InfoMullet: Judge Not

Spread the love

TLDR UpFront: A Samson-like Mega Mullet. As unlawful detentions at airports mounted over the weekend at least three Federal judges intervened individually with emergency injunctions to stay President Trump’s Executive Order. The stays temporarily overturn the immigration ban while leaving in place the legal dismantling of the refugee program and a jobs-for-bureaucrats stimulus policy review. The Executive Order itself was justified on an “alternative perspective” of what caused 9/11 from the official US stance and its poor structuring may have doomed it in front of the courts. Precedent of discretion on national security however may favor President Trump after the stays run their course and revisions are made. One potential legal avenue exists because of the bizarre path that involves Scalia’s death, the Senate’s refusal to seat Garland and Texas v. United States which found limits on Presidential authority to unilaterally rewrite statutory immigration law. (#SpoilerAlert: None of this improves security.)


Full Context in the Back:

Mr. President, welcome to Thunderdome.

The Executive Order, ““Protecting the Nation From Foreign Terrorist Entry Into the United States,”  signed by President Trump on Friday night has four broad goals related to incoming arrivals to the United States:

  1. Prevent individuals from seven “banned” countries identified by the Department of State from in the EO from entering the country for 90 days.
  2. Return “banned” individuals from whence they came.
  3. Immediately cease all refugee resettlement plans.
  4. Conduct reviews of the visa, refugee resettlement. (1)

The EO starts with a justification that has been overlooked in all the furor stating:

“Perhaps in no instance was that more apparent than the terrorist attacks of September 11, 2001, when State Department policy prevented consular officers from properly scrutinizing the visa applications of several of the 19 foreign nationals who went on to murder nearly 3,000 Americans.”

I’ve read the 9/11 Commission Report and I didn’t recall that actually being a major cause. I went to an online copy of the report and even after an hasty review I couldn’t find anything even remotely close to that description being in the report.  Not by word searches of “consular”, “application”, “visa”, “scrutinize” or even in recommendations and findings. I do remember that some of the hijackers had overstayed student visas, and that the investigation found unsurprisingly that the massive government bureaucracy managing visas was performing at about the same level as most US massive government bureaucracies do, that is to say poorly. However, the 9/11 Commission focused primarily on a failure of imagination that such an attack could even happen, the CIA and FBI sharing intelligence and the FAA failing to properly notify the military on the day of the attack.  (2)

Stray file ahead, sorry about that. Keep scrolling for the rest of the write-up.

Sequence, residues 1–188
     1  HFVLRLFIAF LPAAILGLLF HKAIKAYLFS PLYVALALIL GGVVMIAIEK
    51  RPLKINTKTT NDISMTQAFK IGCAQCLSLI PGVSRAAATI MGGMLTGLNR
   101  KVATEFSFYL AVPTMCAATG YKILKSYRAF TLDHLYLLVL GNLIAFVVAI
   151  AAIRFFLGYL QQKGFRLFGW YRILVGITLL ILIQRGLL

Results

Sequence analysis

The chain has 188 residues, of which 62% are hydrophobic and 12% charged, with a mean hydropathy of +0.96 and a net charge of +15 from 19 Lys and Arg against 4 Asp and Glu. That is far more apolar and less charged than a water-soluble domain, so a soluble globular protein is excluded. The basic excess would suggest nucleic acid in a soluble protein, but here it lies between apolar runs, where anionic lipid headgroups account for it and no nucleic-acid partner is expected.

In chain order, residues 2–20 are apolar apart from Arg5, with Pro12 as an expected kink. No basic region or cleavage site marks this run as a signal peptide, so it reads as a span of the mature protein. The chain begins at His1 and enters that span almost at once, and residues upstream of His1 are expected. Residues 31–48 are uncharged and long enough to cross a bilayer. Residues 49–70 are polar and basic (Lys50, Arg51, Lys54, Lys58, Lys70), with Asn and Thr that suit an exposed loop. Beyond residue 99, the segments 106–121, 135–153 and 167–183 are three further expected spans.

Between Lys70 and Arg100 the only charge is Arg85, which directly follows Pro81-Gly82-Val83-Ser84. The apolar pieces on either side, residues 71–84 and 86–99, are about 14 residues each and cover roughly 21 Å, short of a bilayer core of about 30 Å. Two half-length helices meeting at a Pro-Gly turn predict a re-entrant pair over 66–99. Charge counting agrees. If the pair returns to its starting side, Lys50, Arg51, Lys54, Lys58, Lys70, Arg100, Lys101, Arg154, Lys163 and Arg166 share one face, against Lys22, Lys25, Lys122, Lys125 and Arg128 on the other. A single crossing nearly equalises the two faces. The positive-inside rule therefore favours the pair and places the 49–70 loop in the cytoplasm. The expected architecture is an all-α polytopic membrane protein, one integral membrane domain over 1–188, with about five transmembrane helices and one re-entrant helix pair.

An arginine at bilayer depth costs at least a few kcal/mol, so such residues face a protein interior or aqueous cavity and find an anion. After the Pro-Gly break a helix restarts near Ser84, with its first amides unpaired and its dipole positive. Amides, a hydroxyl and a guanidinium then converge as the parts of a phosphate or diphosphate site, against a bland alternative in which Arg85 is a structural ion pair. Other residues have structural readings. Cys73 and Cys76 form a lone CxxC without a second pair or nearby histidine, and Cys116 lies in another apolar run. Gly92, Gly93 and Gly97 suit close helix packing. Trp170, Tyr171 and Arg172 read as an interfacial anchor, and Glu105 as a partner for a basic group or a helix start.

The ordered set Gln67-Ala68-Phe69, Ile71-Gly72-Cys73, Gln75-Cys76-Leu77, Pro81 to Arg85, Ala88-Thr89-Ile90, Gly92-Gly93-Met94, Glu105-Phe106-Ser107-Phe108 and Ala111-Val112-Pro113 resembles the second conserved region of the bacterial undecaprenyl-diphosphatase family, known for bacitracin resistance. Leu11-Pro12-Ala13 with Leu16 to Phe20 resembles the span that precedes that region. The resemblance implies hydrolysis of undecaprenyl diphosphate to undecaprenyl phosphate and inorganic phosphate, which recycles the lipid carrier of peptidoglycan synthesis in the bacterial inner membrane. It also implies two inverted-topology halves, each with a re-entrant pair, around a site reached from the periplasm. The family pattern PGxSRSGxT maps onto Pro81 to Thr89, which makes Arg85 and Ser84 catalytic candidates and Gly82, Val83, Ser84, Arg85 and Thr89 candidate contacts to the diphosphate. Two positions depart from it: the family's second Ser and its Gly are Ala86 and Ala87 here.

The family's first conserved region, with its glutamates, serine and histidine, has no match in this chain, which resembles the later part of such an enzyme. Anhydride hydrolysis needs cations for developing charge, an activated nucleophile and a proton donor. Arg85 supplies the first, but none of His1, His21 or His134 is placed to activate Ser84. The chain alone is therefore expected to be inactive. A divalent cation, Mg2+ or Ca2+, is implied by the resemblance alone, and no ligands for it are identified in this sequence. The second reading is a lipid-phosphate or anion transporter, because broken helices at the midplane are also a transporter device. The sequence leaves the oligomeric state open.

But blaming 9/11 on a broken immigration system is not new.  I tracked down a very comprehensive report by, a think-tank focused on immigration reform to reduce illegal immigration and increase security through visa reform. In that report CSI argues that it as failures of the visa system that helped cause 9/11 using language that could be seen as a robust justification for Trump’s opening statement. (3)

But as a counterpoint, the Inspector General for the Department of Justice, in interviewing the INS agents mentioned in the CSI report found that the failures of the agents were behavioral, and not policy, stating:

“The INS’s prevailing mindset in dealing with foreign students at the POEs until September 11 was that students were not a concern or a significant risk worthy of special scrutiny. Consistent with this approach, INS inspectors and supervisors, who incorrectly believed that they had broad discretion to grant waivers, would admit students through the waiver process when they appeared at POEs without the proper documentation and did not present any evidence of inadmissibility. Since September 11, the INS has issued guidance to the field restricting use of the waiver process and has also taken other steps to more closely scrutinize the admission of students to the United States. We discuss those steps in Chapter Seven of this report.”(4)

It’s an open debate to what extent “better visa screening” might have actually stopped 9/11.  But I think it’s important to begin by noting that the justification Trump uses for this exercise is a 15 year old appeal to a cause of 9/11 that isn’t even the official stance of the United States government. Although there are good arguments to support that failures in visa screening processes contributed to 9/11, subsequent investigations showed those failures were of individuals not following the actual policy; rather than of the policy itself.

Traditionally and Constitutionally the President is given wide discretion in both determining what constitutes a national security threat and then directing Federal agencies and the US military on how to conduct themselves to respond to those threats.  He or she doesn’t have to be especially accurate – windmills abound and tilt away. However, a certain amount of technical precision and respect for existing law is usually appreciated and this is where President Trump’s EO went far afield. It’s also traditional to recognize that the Federal government is a mighty oil tanker and not a two-door coupe, and even a well worded order to parallel park an oil-tanker in a manner fit for a jet ski is going to wreak havoc. As a matter of principle, and law, this means providing implementation clarity that minimizes the risk of inadvertently violating Constitutional rights such as Due Process.